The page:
Stefan Fennrich, Ulrike Hennig, Leila Toliashvili, Christian Schlensak, Hans Peter Wendel and Sandra Stoppelkamp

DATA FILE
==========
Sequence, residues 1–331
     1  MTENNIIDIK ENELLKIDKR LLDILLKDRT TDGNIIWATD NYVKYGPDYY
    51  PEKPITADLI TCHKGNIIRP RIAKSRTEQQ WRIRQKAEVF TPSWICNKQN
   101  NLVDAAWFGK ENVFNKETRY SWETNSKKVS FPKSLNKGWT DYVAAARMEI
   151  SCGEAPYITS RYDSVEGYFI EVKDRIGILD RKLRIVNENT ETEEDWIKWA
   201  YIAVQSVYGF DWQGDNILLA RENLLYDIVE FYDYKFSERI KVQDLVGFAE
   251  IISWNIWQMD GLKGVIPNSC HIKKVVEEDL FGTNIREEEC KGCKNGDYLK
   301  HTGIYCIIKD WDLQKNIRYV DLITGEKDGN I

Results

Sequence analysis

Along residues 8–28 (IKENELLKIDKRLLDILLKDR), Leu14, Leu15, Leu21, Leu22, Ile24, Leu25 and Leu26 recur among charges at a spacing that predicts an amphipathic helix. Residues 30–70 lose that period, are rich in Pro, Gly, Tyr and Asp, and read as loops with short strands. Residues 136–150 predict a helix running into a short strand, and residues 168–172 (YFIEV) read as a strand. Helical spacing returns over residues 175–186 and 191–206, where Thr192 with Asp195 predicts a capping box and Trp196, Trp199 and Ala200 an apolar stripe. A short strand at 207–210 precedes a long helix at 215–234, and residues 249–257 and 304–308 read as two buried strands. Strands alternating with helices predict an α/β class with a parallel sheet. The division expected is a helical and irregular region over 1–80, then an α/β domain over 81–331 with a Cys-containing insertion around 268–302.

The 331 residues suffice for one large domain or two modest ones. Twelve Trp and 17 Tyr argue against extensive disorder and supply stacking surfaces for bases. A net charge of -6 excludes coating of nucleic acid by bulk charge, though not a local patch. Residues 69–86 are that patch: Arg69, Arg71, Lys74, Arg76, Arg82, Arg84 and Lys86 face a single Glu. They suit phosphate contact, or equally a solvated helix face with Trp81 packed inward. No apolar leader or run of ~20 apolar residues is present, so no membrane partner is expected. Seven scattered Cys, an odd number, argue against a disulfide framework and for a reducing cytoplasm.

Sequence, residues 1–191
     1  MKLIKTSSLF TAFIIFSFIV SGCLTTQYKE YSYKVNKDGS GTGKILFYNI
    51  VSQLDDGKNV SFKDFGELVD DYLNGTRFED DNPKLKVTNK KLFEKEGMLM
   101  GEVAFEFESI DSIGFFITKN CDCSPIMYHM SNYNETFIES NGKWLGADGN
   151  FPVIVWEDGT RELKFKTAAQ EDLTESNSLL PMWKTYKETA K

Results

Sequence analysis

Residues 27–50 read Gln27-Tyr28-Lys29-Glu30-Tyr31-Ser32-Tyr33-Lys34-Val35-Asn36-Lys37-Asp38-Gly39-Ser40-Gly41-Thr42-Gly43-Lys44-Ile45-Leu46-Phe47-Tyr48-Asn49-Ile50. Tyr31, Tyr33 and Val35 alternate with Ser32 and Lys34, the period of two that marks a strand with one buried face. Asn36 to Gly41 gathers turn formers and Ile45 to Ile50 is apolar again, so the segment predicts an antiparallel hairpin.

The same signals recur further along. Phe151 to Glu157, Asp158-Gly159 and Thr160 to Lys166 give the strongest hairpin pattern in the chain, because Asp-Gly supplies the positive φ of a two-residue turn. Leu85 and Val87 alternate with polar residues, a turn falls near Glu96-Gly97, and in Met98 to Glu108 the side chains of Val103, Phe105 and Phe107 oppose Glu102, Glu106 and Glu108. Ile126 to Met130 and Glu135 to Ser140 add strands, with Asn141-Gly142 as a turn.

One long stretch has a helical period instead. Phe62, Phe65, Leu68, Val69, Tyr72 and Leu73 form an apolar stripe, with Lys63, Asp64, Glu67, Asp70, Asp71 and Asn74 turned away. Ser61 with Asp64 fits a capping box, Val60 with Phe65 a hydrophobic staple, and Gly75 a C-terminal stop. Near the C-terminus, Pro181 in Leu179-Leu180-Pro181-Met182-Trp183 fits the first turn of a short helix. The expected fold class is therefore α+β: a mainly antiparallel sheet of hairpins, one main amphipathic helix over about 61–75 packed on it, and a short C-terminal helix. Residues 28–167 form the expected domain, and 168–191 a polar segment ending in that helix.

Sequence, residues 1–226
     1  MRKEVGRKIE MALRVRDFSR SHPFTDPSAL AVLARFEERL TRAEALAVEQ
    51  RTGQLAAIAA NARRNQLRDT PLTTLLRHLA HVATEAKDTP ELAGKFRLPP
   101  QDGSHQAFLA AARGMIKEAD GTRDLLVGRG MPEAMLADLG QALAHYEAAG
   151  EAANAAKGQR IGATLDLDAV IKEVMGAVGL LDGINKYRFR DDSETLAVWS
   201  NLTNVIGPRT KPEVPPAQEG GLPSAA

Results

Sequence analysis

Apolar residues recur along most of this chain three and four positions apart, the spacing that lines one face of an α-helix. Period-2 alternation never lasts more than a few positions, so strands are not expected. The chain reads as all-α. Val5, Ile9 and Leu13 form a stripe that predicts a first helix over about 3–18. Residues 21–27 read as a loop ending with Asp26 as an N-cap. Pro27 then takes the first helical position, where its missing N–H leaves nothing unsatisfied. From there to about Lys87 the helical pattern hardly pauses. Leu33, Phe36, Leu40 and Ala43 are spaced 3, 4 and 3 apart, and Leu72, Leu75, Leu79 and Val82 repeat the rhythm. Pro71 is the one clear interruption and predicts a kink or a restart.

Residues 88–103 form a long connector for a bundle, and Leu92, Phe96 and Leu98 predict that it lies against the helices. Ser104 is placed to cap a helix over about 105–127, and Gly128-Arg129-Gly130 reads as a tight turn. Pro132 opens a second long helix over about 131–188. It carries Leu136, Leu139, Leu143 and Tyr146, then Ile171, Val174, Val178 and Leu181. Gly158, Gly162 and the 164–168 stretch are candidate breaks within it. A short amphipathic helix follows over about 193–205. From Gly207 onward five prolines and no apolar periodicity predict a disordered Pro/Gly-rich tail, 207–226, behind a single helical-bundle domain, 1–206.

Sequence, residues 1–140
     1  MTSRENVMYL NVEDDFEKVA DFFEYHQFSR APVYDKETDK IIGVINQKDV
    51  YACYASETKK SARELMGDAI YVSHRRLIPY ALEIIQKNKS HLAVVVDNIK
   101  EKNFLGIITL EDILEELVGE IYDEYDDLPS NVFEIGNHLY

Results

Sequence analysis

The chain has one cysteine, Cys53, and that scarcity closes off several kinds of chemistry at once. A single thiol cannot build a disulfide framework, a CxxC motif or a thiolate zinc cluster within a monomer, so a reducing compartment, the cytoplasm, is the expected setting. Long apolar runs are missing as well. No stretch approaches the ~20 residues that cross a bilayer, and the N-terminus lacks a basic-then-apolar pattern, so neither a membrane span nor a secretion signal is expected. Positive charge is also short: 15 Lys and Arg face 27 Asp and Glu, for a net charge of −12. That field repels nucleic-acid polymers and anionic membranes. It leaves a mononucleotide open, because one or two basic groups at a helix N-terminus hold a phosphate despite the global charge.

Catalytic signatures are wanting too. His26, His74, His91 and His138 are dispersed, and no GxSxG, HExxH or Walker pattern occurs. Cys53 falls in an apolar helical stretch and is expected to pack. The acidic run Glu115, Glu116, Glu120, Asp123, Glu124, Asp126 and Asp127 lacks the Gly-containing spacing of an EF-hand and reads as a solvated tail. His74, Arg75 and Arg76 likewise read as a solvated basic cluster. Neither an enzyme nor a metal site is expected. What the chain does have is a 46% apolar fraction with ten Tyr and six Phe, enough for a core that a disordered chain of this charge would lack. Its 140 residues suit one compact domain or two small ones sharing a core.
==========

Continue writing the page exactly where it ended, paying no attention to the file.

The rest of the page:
In the quality assurance of medical products, tests for sterility are essential. For parenteral pharmaceuticals, avoiding the presence of pyrogens is crucial. These fever-inducing substances (endotoxins and non-endotoxins) are not eliminated by standard sterilisation processes, and are biologically active once in the bloodstream, causing risks to human health, ranging from mild reactions (e.g. fever) to septic shock and death. Therefore, for injectable formulations, pyrogen testing is mandatory. Over the years, various pyrogen testing methods have been introduced, namely: in the 1940s, the rabbit pyrogen test, which is an in vivo test that measures the fever reaction as an endpoint; in the 1970s, the Limulus Amoebocyte Lysate (LAL) test, which is an in vitro test (with the haemolymph of the horseshoe crab) that specifically detects endotoxin; and in 2010, the Monocyte-Activation Test (MAT), which is a non-animal based in vitro pyrogen test that represents a full replacement of the rabbit test. Due to the ubiquity and biological significance of pyrogens, we are currently further developing the MAT so that it can be used for other applications. More specifically, our focus is on the detection of pyrogenic contamination on medical devices, as well as on the measurement of air quality. In addition, further improvements to permit the use of cryopreserved blood in the MAT, to overcome the limitations in the availability of freshly-drawn blood from human donors, are ongoing.

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